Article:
Survival tips for Singapore’s independent arts community

Survival tips for Singapore’s independent arts community

The closure of the Post-Museum on August 7 grants a few lessons for Singapore’s indie artists
The Post-Museum will be remembered for its offbeat ideas.

When the Post-Museum first opened in September 2007 in two small shop houses in Little India, the artistic, creative and left-leaning communities in Singapore were delighted.

This was a home for them.

Comprising exhibition and performance space, artists’ studios, offices and Food #03, a social enterprise café, Post-Museum hosted events, programs and edgy initiatives covering issues such as sexuality, civil society, social issues, independent film, art, music and literature and alternative culture; often pushing the envelope and providing a platform for things that were a challenge to engage in openly in mainstream Singapore.

Post-Museum was able to pull off its off-kilter, alternative agenda, largely because, on principle, it did not accept funding from government and had very little corporate sponsorship, which, “does not allow us full autonomy” says its founder Jennifer Teo.

Free(er) from obligation or restrictions ... Post-Museum had the independence to pursue its vision.

Instead, it supported itself through its own small enterprises, like social enterprise café Food #03, venue rental, and from monies made at events and private donations.

Free(er) from obligation or restrictions that came with financial support from the government and big name sponsors, Post-Museum had the independence to pursue its vision.

So news of their impending closure was greeted with dismay.

“Once people heard Post-Museum was closing they wanted to try save it,” says Amanda Lee, curator for “House of Incest,” one of their final events, “On top of our event, which was quite big, people organized many smaller fund raising events, like guerrilla nights -- our event raised good money; and all the proceeds went to Post-Museum.”

“But it’s been difficult to talk to them about money,” says Lee. “They have been suffering deficits for a while, even though their rent is heavily subsidized.”

“If they reopen, I wonder how it will be possible for them to sustain themselves given that they haven’t been able to, in spite of having such a kind landlord, which they might not have elsewhere.”

Money is indeed a topic about which the Post-Museum is keeping discreetly silent.

Independent arts, cultural and community spaces can survive in Singapore -- but with caveats.

Teo only wants to state that, “our lease was for three to five years and towards the end of last year, we started thinking of closing the space,” and confirms that they "do not have any concrete plans at the moment.”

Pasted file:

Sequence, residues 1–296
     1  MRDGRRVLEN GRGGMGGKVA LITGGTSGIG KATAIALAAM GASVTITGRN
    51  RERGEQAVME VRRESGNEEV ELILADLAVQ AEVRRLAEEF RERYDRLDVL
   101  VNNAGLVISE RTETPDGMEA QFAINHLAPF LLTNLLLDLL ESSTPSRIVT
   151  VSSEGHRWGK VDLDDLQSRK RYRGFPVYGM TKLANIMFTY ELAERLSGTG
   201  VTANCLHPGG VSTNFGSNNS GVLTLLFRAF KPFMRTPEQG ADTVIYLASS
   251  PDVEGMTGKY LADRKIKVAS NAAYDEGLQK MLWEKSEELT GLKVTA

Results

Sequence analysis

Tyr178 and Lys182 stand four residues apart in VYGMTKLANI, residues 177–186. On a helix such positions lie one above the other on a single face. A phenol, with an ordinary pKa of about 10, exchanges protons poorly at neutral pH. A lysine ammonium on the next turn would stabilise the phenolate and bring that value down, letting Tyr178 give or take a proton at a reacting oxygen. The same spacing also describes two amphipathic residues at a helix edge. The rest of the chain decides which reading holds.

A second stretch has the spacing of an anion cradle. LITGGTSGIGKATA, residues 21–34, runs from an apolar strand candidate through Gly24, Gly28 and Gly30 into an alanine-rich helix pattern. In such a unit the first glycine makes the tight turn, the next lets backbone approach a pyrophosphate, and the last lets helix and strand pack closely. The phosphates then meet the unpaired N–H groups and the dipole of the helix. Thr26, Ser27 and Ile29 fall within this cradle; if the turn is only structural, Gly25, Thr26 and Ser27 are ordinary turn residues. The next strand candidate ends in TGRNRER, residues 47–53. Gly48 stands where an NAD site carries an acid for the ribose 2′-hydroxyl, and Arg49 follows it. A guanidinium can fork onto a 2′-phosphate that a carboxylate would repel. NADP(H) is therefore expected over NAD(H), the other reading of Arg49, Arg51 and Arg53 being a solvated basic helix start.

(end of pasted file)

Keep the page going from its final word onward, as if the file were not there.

Both Lee and Teo feel though that even though Post-Museum is folding, independent arts, cultural and community spaces can survive in Singapore -- but with caveats.

An eclectic mix of people could always be found at the Post-Museum.“You can’t have too lofty ideals and think that people are just going to come and support you unwaveringly,” says Lee. “You still have to run your space as a business and manage it well; balance practical concerns with the independent, community part of it.”

“You have to think about drawing people to your space constantly and have events that are really vibrant."

"This can be hard in Singapore because supporting local arts and community endeavors -- and paying for them -- is not inculcated into the average person here."

"And there is still a lot of reluctance by people to take ownership over what they want to do and put everything you have into doing it, which is what Post-Museum tried to do.”

As Post-Museum faces its final days at Rowell Road and its future hangs in the balance, it leaves behind rich memories of “numerous inspiring and wonderful people and experiences, “ says Teo, and will be something people hold in their minds as a space which did not seem possible in Singapore, but became possible, at least for a while.

When asked if she would have done anything differently, Teo’s answer is clear, “No, not at all.”

Elaine Ee writes about Singapore, the city she lives in, covering the arts, events, personalities and social issues. Her stories have appeared in Time Out SingaporeTatler HomesFood & Travel and Jetstar Asia. She’s also an editor at publichouse.sg, a Singapore community-driven website run by socially conscious denizens. When she’s not at her laptop, she practises Bikram yoga, spends time with her three kids and makes it a point to keep trying something new. 

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